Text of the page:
A sample of 20,000 people was interviewed in the poll and the study was conducted in all of the four regions of the country, with the provinces of Milne Bay, Western, Manus and New Ireland having missed out because of funding problems.

The 20,000 sample population was comprised of 70 percent (14,000) male and 30 percent (6,000) female.

Mr. Mell attributed the lower percentage in the number of women having been interviewed to many women being shy and refusing to be interviewed.

Of the 20,000 interviewed, 60 percent (12,000) were from the formal sector (both employed and unemployed in cities, towns or sub-towns) while the remaining 40 percent (8,000) were from the rural sector and made up of mainly public servants, subsistence farmers and ordinary villagers.

"It was decided that 60 percent of the sample population from the formal sector had to be processed separately from those opinions of the non formal rural sector.

"The 60 percent represent those who are knowledgeable of what is happening in PNG on a daily basis through the media while the 40 percent are basically subsistence farmers who are not consistent with the media," the poll report reads.

According to Mr. Mell, he had decided to send his teams out to personally interview people for their opinions, saying it was more effective and opinions were guaranteed rather than sending out questionnaires and receiving nothing back.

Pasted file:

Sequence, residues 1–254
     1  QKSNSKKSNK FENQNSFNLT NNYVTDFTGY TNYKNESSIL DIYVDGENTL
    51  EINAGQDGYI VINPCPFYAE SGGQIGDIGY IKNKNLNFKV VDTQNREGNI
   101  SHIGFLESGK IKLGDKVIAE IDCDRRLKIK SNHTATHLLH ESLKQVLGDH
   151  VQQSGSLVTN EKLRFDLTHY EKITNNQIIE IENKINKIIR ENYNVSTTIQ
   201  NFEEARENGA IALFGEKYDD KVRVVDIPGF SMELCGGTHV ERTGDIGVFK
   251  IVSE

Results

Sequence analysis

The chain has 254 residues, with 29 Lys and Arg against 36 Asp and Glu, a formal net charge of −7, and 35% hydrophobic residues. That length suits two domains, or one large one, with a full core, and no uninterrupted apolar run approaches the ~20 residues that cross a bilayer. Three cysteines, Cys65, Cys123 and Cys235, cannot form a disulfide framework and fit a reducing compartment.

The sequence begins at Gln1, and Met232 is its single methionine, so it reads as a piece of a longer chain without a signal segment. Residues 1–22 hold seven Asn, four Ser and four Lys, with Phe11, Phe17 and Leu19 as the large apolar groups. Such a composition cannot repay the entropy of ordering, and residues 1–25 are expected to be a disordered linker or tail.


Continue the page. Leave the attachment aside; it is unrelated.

"The method of research used by Mell Research was to personally go to the people and ask them and provide their opinions in the workplace in the villages, in the provinces and districts. We chose to do that because it's more effective in PNG and it's a lot faster in terms of time.

"If we have questionnaires and we dish them out, some people will come back to you and some don't.

"The company felt that not only interviewing the respondent verbally was cheaper but also faster and permitted the interviewer to better understand the respondents reply," he said.

Most of the rural respondents were interviewed at rural bus stops in towns and in shopping centers while some were interviewed in their villages and sub districts.

The age groups of the respondents also differed from past polls Mr. Mell had conducted in that the range of the age group was 13 - 60 years old.

Mr. Mell said that the reason for bringing the minimum age for respondents down to 13 was so that high school students, whom he describes as being the future leaders of the country, would have the chance to voice their opinion.

The poll report also makes recommendations for more access to government information for the rural population, and for more opinion polls in the future.

Mr. Mell hopes to conduct a poll on the country's Consumer Price Index (CPI) as the prices of goods and services is one thing he feels the ordinary man on the street will have something to say about.

For additional reports from The Independent, go to PACIFIC ISLANDS REPORT News/Information Links: Newspapers/The Independent (Papua New Guinea).